Rollin' Thunder: Meadowbrook’s Flag Day features a flurry of cultural performances

Twelve tires and rolls and rolls of duct tape, and the Taiko ensemble at Meadowbrook High School was born. Japanese Club members caught on to the technique and were well-prepared for the two songs they performed during the International Flag Ceremony. The annual event, held last Friday, was created by the county’s Teacher of the Year, Paul Daszkiewicz, and sponsored by the schools Interact Club along with the World Language Department.  Daszkiewicz is finding more and more participation from the student body and their teachers, as well as the clubs of the school.  It has become electrifying and he is thrilled.

With the backdrop of 86 flags on stage, the Taiko performance blended well with the dances performed by the International Dance Club and the International Fashion Show. New students to Meadowbrook, Tughral Abdul from Uzbekistan and Mike Cauberghs from Belgium added their country’s flag to the existing 84. The International Flag Ceremony celebrates the rich diversity of culture and the many nationalities that comprise the students and staff of Meadowbrook.

“DONKON dokodoko DONKON katakata donkon donkon donkon DONKON” the sounds of Taiko through the halls at Meadowbrook High School every Tuesday and Thursday for the last two months and on stage last Friday.

The Japanese Club decided early in the spring semester that they would perform the ancient custom of Taiko ( the Japanese word for drum) for the May event. It has been around for centuries, beginning with a style of ceremonial drumming used as background music during festivals. The club usually meets once a week, but for the last two months, the members, their sponsor and a Taiko instructor had been meeting twice a week.

It was February when two of their members, Claudia James and Rachel Bethune, were blown away when they heard Taiko during a performance at the University of Richmond. “There was this one guy (Claudia) and he hits it really hard (Rachel) and we were sitting all the way in the back of the room - we could feel the drums. We could feel the bass. You could hear it so well and I said wow, I wish I could do that (Rachel). Doing it now, Rachel said, “It is like a dream come true.”

James and Bethune convinced their club-sponsor and Japanese teacher, Tsugumi Fukuma, when the drum issue was solved. Attending festivals a couple of years ago, Bethune saw a Taiko performance with drums made from tires and duct tape.  One day after school, 13 tires appeared in a lower foyer at the school.  Fukuma purchased rolls and rolls of grey duct tape.  It only took a couple of hours for drums to form.  Gathering the sticks, the Taiko ensemble was ready to play.  A partnership was form with the River City Ensemble based at University of Richmond (UR) and Meadowbrook’s Japanese Club.  Members of the River City ensemble, Alasdair Denvil, and Dr. Paul Yoon, UR music professor, volunteered their energies and time to teach.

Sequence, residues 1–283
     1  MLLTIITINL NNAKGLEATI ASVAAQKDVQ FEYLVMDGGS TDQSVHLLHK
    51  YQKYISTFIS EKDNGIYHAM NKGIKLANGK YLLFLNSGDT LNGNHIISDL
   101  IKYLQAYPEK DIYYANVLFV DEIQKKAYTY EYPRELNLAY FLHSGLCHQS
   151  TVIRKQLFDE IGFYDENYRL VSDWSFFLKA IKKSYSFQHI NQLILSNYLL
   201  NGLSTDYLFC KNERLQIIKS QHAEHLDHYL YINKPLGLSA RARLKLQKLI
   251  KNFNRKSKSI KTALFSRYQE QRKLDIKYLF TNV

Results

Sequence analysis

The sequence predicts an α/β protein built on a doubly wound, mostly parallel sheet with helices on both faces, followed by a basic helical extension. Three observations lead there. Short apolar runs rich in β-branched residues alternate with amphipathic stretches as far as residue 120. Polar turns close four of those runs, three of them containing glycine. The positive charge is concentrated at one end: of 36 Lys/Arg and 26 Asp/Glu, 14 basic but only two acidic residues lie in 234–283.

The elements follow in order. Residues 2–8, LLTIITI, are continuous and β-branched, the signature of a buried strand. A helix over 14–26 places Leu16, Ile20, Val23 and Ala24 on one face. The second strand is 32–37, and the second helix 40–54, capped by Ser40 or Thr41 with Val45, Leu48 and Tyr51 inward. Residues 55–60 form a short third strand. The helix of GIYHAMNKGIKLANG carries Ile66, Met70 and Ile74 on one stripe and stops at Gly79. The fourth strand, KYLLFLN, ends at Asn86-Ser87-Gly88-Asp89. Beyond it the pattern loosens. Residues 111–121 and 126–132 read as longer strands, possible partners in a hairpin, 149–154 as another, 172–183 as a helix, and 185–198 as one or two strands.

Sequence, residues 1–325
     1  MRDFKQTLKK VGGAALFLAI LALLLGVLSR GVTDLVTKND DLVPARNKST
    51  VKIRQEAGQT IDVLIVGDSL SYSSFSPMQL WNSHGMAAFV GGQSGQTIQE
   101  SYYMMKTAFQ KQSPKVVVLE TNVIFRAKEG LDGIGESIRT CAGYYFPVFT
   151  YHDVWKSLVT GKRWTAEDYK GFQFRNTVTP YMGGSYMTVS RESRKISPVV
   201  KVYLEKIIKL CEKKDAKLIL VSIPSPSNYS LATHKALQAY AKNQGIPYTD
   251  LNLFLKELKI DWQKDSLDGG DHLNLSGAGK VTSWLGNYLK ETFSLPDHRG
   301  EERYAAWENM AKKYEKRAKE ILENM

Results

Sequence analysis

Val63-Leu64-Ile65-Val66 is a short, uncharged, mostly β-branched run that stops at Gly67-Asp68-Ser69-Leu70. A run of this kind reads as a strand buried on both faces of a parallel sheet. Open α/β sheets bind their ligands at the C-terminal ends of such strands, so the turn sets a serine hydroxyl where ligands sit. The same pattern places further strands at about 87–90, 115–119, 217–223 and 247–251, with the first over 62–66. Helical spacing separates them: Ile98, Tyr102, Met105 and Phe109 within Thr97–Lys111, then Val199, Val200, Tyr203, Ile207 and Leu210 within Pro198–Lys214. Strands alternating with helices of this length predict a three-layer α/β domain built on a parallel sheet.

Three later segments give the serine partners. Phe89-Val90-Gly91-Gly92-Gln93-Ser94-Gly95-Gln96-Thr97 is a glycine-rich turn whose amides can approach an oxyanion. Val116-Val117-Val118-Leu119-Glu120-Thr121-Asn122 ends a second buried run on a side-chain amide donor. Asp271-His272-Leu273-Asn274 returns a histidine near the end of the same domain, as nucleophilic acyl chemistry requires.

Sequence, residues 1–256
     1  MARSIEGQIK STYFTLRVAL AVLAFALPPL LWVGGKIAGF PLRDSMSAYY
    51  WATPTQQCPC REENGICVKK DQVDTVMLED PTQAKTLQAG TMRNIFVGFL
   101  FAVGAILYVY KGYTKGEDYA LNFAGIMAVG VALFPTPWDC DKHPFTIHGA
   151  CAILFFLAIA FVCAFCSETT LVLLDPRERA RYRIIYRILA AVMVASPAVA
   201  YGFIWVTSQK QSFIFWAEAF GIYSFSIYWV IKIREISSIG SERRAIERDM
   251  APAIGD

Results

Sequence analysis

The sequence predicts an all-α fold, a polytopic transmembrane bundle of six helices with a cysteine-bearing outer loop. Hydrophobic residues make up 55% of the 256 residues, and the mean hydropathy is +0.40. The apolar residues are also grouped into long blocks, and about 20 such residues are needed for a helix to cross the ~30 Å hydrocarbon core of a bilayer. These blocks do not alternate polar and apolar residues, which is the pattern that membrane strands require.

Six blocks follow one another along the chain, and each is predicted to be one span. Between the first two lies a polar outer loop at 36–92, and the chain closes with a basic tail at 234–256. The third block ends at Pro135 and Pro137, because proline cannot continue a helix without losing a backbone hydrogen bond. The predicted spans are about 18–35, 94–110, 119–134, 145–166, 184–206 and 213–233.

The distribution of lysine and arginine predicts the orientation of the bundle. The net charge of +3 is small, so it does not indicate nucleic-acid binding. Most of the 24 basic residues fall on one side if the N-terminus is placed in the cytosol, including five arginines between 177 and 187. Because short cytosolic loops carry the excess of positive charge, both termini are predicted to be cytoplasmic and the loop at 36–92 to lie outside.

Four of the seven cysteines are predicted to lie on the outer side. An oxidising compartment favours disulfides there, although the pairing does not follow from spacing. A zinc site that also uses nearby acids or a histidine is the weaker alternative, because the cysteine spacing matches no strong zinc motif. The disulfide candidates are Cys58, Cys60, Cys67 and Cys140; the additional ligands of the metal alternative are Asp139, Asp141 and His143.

“Ms. Fukuma was in contact with Alasdair initially, and he has been leading these sessions with the students,” wrote Dr. Yoon in an email.  Yoon and Denvil are very supportive of bringing Taiko to schools.

“Taiko is an excellent way to keep students physically active, build confidence and discipline, spark creativity and foster team work. I welcome opportunities to strengthen connections between the University of Richmond and the surrounding community.”

Taiko blends the physical and cerebral in artistic expression. Yoon said, “Practice sessions are as much training as rehearsal. It is very important to have the stamina necessary to complete a performance without being winded.” Adding, “The physical is not an end in itself. The end goal is the music and the camaraderie and enjoyment that comes from making music with others.”

Bethune agrees saying, “It is more labor than logic.”

With a brass plate and ball timekeeper, Denvil kept the drumming at a steady pace. The tires and duct tape were left in the classroom and replace by drums furnished by River City Taiko ensemble.  The black t-shirts painted with Japanese lettering by Ms. Fukuma gave the club a sense of unity and each drummer kept the pace ending at the same time followed by a glow of success by the student ensemble and their teachers.

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